Coco and I talked for a long time that evening. And through her time in high school, we kept talking about the challenges we each faced. We talked about tools to deal with them. We developed some ways to keep us aware and positive when ADHD challenges get in our way. The tools we designed have helped me feel less overwhelmed and more in control of my life. So in that spirit, here’s my survival guide. Please change compartments and tools around to fit your own needs, and make your own survive-and-thrive guide.



The Goal Clamp uses and strengthens your ability to be self-aware and positive by bringing your imagination to bear on the problem. Because your clamp gets strong only by repeated trying and failing, you have to stay at it. Imagine a clamp — mine looks like the glue clamps in the garage, yours can be anything you want — in the front of your brain. Take a small task and tighten it in your clamp. Start work, and wham — distractions hit. So imagine them as a pile of cell phones in the back of your head, with a zillion different ringtones going off trying to stop your task. Don’t answer. Look at the task in the clamp, and stay at it.


For most of us with ADHD, hyperfocus doesn’t seem like a benefit of our condition. Our neurotransmitters get stimulated by something, and we’re down the rabbit hole for as long as they’re stimulated. With practice, you can harness hyperfocus to do any task. If you make the emotional reward of finishing a task big enough, your neurotransmitters will want that long-goal stimulus as much as the fleeting ones. Make your life your game. Set up something you enjoy as an after-task reward. But for the tool to work, you have to invest belief in the act of finishing the task. Then, with your goal clamped and hyperfocus harnessed, the next time the rabbit hole beckons, you’ll stay on your path.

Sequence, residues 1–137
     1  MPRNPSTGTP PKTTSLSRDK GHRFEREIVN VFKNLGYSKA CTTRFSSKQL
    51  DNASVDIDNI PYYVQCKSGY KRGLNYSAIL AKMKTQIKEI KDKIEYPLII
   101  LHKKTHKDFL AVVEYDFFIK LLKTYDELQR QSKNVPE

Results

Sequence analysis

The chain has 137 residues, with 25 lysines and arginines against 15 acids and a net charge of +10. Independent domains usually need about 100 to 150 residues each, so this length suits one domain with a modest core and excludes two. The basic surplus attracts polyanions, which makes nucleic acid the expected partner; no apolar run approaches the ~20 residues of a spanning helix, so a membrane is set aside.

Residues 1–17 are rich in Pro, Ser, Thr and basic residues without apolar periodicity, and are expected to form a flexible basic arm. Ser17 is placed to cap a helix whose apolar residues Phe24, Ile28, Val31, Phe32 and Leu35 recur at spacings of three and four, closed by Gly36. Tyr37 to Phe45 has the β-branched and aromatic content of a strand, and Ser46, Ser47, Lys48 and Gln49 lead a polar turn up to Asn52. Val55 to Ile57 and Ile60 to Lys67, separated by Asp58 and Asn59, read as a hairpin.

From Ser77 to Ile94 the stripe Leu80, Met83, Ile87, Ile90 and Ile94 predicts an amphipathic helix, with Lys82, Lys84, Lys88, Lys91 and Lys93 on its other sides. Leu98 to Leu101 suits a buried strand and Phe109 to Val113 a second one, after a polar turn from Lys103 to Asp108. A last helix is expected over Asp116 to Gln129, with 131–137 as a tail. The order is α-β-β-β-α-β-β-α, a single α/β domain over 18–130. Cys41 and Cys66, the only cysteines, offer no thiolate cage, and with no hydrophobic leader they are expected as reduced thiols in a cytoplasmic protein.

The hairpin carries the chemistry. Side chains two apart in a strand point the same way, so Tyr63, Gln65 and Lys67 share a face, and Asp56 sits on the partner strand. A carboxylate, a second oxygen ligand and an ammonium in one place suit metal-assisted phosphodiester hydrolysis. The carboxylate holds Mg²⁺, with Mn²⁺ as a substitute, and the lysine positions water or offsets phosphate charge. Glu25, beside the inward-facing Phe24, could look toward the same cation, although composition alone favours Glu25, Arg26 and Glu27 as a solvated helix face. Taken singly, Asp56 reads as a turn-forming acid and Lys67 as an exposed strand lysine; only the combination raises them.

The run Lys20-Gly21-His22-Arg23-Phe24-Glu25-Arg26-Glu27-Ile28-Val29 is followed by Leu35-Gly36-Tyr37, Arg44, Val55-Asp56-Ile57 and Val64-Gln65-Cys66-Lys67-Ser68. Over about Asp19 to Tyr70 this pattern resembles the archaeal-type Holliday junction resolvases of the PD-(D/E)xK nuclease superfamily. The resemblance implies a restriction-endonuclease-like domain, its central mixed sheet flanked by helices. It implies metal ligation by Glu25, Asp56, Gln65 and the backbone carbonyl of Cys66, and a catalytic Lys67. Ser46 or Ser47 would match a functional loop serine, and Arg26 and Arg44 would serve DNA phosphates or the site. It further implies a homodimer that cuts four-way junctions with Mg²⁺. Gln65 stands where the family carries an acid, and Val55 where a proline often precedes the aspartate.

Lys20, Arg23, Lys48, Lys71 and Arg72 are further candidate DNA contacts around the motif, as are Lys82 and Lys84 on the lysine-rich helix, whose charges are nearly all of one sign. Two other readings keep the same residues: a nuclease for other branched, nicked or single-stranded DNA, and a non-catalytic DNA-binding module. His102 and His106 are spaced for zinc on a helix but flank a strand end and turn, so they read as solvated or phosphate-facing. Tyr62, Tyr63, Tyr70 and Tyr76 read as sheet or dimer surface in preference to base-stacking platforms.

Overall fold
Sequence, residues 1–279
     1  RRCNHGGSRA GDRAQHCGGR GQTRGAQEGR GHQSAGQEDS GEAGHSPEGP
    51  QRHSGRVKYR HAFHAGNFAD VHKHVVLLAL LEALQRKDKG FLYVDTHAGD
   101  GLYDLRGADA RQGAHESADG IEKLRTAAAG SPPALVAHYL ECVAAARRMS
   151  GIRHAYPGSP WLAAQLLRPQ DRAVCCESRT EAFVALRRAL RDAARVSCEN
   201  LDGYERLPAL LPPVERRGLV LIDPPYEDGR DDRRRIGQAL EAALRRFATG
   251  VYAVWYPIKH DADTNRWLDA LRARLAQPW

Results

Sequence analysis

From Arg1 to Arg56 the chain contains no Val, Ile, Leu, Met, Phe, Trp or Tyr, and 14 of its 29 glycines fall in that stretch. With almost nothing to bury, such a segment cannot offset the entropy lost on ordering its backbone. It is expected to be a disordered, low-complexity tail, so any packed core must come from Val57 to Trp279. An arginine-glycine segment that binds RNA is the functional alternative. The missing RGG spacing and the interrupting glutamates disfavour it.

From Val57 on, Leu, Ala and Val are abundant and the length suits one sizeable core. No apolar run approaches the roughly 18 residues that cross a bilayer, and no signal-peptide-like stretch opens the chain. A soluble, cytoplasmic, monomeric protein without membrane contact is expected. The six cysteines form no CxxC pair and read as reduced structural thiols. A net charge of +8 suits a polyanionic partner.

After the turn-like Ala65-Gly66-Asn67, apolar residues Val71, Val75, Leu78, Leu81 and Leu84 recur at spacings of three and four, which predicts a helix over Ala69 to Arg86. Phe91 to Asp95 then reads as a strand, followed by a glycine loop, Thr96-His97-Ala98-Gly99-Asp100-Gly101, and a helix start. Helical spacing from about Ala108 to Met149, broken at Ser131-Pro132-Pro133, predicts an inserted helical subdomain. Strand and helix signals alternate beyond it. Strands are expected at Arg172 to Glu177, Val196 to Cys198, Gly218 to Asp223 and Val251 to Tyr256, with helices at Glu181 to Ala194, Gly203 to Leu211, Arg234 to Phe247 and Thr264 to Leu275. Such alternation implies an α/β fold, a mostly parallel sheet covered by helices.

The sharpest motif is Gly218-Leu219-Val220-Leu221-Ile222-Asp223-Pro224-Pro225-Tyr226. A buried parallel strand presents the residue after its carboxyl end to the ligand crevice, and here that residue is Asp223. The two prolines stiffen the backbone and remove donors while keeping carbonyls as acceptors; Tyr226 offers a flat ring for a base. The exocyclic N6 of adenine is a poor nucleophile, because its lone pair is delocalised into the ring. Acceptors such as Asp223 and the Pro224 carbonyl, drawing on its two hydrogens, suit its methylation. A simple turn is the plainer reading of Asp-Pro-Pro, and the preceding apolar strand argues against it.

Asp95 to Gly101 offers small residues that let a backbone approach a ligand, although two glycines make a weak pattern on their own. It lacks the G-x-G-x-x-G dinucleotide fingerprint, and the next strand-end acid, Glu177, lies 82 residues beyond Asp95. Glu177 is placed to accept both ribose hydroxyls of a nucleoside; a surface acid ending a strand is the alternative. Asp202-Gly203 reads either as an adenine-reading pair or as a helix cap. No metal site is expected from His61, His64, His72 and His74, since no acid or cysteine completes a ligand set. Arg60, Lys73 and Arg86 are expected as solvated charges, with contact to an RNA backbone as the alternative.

[Read: What Is ADHD Hyperfocus?]



I picked up this tool from my wife, who doesn’t have ADHD, and who takes a little time every morning to look ahead at her day. When she would ask me, “What’s your day look like today?” I had no idea. Finally, I tried her way, and it works. At the start of the day, visualizing the hours before you, saying out loud what you plan to do and when, and what’s next after that gives your day shape, stability, and goals. It will reduce chaos, even if the day changes.


Electronic devices are a huge help in keeping people with ADHD connected to time. My daughter has synced her smartphone’s clock and calendar apps with her laptop and set up reminders for every event in her day — from waking up and showers to class assignments. Electronic banking and budgeting is a lifesaver for me. I use my bank’s autopay and the Mint phone app to stick to a budget and pay bills on time.